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FTC Clamps Down on False and Misleading Customer Reviews

By John DiGiacomo

The Federal Trade Commission has reached an agreement contained in an order that, if adopted, will stop the automobile shipment broker AmeriFreight from publishing biased customer reviews to mislead future customers.

The FTC’s complaint alleges that AmeriFreight purposefully deceives potential customers by providing positive reviews from past customers that were given a discount or paid to write their review. Title 15, Section 45 of the U.S. Code gives the FTC authority to bring actions against entities that “use[] unfair methods of competition in or affecting commerce and unfair or deceptive acts or practices in or affecting commerce.”[1] The same section allows the FTC to issue an injunctive order to stop the unfair practices, but must allow 30 days for a chance for the defendant party to be heard. The Code of Federal Regulations defines endorsements as “any advertising message (including verbal statements, demonstrations, or depictions of the name, signature, likeness or other identifying personal characteristics of an individual or the name or seal of an organization) that consumers are likely to believe reflects the opinions, beliefs, findings, or experiences of a party.”[2] Misleading endorsements are actionable under 15 U.S.C. § 45.[3]

The complaint specifically describes the misleading endorsements. It alleges that AmeriFreight would provide $50 discounts for customers who wrote positive reviews, and would charge $50 extra for those who did not. Further, AmeriFreight would remind customers after delivery of their automobiles to write a review, and offered a $100 cash bonus to the best review of the month. Most egregiously, AmeriFreight would label its reviews as unbiased and would feature the reviews prominently on its website and in its other advertising material.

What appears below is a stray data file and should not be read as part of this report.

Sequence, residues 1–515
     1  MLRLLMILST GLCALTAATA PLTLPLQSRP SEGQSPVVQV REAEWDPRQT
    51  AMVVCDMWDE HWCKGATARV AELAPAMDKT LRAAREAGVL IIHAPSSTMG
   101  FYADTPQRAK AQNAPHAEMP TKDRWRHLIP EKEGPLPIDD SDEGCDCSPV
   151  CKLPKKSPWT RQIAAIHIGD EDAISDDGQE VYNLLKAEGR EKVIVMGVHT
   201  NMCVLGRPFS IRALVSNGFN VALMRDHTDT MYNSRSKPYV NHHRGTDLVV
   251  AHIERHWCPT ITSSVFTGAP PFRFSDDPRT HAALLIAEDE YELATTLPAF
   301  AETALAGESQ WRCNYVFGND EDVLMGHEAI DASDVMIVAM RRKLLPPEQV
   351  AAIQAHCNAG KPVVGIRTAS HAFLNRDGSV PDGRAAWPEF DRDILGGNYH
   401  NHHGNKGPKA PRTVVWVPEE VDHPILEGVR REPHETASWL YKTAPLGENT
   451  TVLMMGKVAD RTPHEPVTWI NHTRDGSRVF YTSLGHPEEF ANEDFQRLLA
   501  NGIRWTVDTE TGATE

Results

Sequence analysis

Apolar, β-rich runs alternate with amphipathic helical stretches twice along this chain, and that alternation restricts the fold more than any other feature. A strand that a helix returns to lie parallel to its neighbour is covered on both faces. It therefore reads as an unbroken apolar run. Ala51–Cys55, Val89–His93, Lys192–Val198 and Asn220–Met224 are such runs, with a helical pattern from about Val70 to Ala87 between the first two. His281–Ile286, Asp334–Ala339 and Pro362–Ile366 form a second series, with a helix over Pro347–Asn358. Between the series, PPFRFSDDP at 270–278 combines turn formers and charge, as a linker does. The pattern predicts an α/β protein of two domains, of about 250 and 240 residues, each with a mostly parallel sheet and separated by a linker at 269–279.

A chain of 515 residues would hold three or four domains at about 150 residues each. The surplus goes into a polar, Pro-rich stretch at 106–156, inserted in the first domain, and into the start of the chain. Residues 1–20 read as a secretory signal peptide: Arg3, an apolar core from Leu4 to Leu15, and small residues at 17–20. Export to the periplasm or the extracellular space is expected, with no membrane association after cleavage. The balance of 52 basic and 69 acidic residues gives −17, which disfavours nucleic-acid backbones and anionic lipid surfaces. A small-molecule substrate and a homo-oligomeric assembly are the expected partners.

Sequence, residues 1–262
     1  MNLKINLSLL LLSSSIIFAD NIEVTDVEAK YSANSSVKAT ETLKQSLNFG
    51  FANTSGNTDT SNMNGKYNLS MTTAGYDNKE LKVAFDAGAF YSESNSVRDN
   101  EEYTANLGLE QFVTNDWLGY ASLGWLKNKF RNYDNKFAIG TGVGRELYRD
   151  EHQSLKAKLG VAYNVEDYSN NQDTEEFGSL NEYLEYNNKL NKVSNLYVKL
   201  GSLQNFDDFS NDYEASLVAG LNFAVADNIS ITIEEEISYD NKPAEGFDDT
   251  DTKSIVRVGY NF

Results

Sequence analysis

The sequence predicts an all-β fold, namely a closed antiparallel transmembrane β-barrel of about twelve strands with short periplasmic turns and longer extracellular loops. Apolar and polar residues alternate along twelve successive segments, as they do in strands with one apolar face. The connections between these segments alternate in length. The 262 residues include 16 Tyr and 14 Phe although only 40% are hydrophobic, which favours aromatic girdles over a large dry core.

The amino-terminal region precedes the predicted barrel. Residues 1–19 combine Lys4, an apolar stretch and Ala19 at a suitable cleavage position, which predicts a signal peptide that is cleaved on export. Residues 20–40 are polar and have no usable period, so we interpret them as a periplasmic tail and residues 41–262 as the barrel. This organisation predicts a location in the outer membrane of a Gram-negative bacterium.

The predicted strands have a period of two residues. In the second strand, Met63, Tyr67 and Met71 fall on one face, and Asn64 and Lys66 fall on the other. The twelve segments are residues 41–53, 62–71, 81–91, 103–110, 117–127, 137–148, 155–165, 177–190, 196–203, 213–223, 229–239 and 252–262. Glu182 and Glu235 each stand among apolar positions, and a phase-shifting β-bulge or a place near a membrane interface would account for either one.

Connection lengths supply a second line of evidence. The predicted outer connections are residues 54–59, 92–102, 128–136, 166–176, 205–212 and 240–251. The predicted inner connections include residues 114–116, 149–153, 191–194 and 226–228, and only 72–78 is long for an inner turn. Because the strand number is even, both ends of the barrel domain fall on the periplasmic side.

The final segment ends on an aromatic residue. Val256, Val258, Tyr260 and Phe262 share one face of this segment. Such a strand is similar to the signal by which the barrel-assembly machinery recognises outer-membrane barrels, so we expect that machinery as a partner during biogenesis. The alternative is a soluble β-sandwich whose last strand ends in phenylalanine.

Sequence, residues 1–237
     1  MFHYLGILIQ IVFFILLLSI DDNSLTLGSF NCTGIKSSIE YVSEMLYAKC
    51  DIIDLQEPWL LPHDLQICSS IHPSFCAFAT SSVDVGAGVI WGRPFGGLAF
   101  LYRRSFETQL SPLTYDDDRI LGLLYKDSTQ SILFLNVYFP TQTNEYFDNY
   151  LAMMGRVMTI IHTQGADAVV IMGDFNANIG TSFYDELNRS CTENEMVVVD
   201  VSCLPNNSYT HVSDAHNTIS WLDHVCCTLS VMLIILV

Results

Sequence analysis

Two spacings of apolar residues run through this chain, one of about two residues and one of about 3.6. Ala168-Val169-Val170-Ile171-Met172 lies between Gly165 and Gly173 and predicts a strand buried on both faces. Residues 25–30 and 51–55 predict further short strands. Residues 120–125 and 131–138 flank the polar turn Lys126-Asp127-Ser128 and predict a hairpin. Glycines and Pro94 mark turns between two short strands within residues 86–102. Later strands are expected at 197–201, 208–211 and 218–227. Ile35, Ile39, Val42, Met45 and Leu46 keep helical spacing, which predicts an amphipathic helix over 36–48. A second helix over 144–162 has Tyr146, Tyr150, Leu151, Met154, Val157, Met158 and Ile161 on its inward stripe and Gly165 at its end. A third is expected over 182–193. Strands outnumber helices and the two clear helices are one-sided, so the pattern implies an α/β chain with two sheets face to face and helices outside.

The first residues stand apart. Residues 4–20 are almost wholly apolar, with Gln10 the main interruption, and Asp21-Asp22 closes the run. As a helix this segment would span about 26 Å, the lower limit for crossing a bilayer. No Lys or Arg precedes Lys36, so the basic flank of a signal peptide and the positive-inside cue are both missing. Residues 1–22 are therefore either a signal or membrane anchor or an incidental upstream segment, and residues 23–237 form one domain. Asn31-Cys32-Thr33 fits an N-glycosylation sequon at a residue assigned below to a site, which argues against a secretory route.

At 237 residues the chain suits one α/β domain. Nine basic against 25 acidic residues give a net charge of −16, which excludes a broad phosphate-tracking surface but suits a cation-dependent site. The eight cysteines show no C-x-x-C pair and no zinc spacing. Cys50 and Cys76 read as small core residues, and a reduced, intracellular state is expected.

After receiving the complaint, AmeriFreight and the FTC agreed to a settlement that is encompassed in the proposed order. If adopted, the order will enjoin AmeriFreight from continuing its deceitful practices, and will force the company to keep records of its customer reviews—and provide them to the FTC if requested—for five years. This also includes the option for the FTC to inspect AmeriFreight’s operations. The order further requires that AmeriFreight deliver a copy of the order to all future directors and employees of the company for the next ten years. Finally, the order will dissolve 20 years after its adoption. A violation of the order allows the FTC to bring a suit in federal court against AmeriFreight.

This case marks the first time the FTC has brought an action against a company for misleading customers by misrepresenting online reviews. It stands as a warning to other companies that paying customers to write positive reviews without disclosing that payment to potential customers will not be tolerated.

[1] 15 U.S.C. § 45(a)(2).

[2] 16 C.F.R. § 255(b).

[3] Id. at § 255(a).

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